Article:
The president’s call to action is to have accountability, Allen said.
“I believe Cal Poly is a community who really cares and that we all need to care about this,” Allen said.
There are programs at Cal Poly that take pride in helping students when they’ve been sexually assaulted, and Allen said when people who work for the programs are providing people with help, they must tell them they have to report everything they’re told before the person tells them their story.
Cal Poly programs and sexual assault
Christina Kaviani, coordinator for the Gender Equity Center and Safer, is on campus regularly to provide people with support.
Kaviani said there are a lot of long-term changes that could be beneficial, but there would need to be support from the university.
“I think if we’re serious about changing the climate at Cal Poly regarding sexual assault, there are a lot of important things in the recommendations that need to happen,” Kaviani said.
Kaviani said all college campuses have high rates of sexual assault, and the 18- to 24-year-old age range has the highest rates of sexual assault. She said there’s typically a high amount of sexual assaults on any college campus for various reasons.
Kaviani emphasized the fact that alcohol itself doesn’t cause sexual assaults.
“When you’re consuming things, assaults don’t always happen,” Kaviani said. “But the more alcohol is consumed, the more risk goes up for everything and sexual assault is one of those risks. Sexual assault is a problem that’s starting from how we’re socializing and developing young people into how to behave in a social environment and how to treat other human beings, and lines are being crossed.”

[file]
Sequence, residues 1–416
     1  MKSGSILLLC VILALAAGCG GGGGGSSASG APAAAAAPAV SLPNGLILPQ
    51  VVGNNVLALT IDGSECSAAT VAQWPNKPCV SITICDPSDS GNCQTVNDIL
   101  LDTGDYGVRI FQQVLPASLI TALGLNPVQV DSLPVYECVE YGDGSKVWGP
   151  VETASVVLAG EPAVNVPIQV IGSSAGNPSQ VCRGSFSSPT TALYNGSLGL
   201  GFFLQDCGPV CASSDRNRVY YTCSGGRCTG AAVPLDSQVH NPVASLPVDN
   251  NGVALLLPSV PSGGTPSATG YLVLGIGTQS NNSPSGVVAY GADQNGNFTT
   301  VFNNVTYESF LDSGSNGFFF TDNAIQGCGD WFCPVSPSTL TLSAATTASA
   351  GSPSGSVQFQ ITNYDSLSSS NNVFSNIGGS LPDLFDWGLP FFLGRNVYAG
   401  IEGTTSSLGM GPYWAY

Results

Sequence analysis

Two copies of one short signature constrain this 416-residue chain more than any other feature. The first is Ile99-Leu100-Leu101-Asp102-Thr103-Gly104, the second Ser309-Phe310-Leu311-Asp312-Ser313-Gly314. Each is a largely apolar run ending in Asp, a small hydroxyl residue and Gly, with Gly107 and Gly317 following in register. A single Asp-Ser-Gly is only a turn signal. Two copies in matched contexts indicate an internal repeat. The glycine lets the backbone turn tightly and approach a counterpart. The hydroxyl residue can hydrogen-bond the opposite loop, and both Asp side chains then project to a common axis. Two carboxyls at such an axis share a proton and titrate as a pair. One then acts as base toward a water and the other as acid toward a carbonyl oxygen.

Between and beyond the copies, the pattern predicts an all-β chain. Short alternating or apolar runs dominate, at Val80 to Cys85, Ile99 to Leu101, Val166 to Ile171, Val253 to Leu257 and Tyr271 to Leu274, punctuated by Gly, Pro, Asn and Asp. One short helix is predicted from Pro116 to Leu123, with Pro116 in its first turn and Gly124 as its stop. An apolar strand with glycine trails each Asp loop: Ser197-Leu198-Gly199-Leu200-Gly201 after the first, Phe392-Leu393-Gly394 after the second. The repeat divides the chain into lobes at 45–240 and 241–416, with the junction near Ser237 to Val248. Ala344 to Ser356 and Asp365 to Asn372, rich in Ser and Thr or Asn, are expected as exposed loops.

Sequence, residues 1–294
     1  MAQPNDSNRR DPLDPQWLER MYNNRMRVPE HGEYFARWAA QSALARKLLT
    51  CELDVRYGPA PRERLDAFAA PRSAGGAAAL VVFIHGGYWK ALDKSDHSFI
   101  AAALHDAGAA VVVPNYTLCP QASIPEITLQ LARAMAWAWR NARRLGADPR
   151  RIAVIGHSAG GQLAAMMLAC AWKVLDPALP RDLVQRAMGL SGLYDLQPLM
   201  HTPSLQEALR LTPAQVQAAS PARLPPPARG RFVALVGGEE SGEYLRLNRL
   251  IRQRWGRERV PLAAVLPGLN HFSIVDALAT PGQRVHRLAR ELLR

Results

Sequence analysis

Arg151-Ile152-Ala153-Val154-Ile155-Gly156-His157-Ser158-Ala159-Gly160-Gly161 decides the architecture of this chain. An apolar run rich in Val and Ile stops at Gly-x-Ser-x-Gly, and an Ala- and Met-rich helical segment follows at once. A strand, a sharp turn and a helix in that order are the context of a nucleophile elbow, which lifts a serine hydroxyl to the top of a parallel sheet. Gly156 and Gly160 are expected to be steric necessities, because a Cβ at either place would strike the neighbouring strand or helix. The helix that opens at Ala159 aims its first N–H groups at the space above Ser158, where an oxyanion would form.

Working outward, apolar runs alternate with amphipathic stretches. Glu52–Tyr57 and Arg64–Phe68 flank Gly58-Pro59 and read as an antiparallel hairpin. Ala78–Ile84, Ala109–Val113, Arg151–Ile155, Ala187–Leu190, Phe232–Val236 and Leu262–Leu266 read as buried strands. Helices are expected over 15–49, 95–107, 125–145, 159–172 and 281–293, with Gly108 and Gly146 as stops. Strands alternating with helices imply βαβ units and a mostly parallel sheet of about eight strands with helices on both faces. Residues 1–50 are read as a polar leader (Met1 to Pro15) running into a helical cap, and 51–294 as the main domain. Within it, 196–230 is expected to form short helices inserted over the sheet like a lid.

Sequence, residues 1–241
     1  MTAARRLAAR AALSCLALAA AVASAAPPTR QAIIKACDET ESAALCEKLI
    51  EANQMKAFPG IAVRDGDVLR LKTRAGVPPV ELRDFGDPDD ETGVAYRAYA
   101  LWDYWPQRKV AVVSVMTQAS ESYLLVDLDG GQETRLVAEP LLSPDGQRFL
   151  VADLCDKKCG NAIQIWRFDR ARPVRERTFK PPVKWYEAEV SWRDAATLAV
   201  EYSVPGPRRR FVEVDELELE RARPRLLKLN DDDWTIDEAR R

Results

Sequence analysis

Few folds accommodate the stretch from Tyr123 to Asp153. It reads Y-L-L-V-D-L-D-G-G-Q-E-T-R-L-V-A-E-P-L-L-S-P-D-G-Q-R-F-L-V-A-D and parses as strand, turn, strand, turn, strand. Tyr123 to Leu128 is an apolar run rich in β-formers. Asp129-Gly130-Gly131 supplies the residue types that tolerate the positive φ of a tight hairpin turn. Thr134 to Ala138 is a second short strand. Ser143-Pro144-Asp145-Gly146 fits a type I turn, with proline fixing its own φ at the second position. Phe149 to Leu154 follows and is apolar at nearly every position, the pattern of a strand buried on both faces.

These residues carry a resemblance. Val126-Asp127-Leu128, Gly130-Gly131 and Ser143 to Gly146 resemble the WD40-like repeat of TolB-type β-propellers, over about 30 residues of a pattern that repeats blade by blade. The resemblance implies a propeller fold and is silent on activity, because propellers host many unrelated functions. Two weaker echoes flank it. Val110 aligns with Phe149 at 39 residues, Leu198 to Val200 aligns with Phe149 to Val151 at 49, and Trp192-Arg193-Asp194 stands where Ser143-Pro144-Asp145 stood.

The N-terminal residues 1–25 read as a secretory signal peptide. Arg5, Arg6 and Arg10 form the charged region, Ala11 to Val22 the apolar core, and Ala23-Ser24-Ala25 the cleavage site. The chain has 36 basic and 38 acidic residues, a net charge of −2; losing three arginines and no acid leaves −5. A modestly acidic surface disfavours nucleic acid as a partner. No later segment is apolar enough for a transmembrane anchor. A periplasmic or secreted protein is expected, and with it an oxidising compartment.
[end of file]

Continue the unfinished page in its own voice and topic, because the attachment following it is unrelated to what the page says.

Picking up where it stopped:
The more information that is put out, the more can be done about it, Kaviani said.
When presentations are given, and rape and assault are defined, people realize they’ve been sexually assaulted, she said. There were higher rates of sexual assault in universities in the past, and their reaction was to mandate education and to do more vigorous programming — we haven’t done that yet, Kaviani said.
“The more we educate and lift the shame for people to come forth, the more we can have people coming forward,” Kaviani said.
The majority of sexual assaults happen in a home by someone you know, and the second most common place is in a car, typically at night, Kaviani said. Most of the cases she’s seen were in party situations where alcohol is a factor as well. She said this doesn’t mean that stranger-rape doesn’t happen either, because it does. She said it’s just less common.
“I would say that it’s not their fault,” Kaviani said. “It’s not something they should be ashamed of, and part of their healing is to come forward to someone, no matter who it is. With everything I’m saying, there’s no one cookie-cutter explanation, but for the most part, to heal, you need to be active in your healing.”
She explained it’s important to take up something that’s good for you and for your mental state.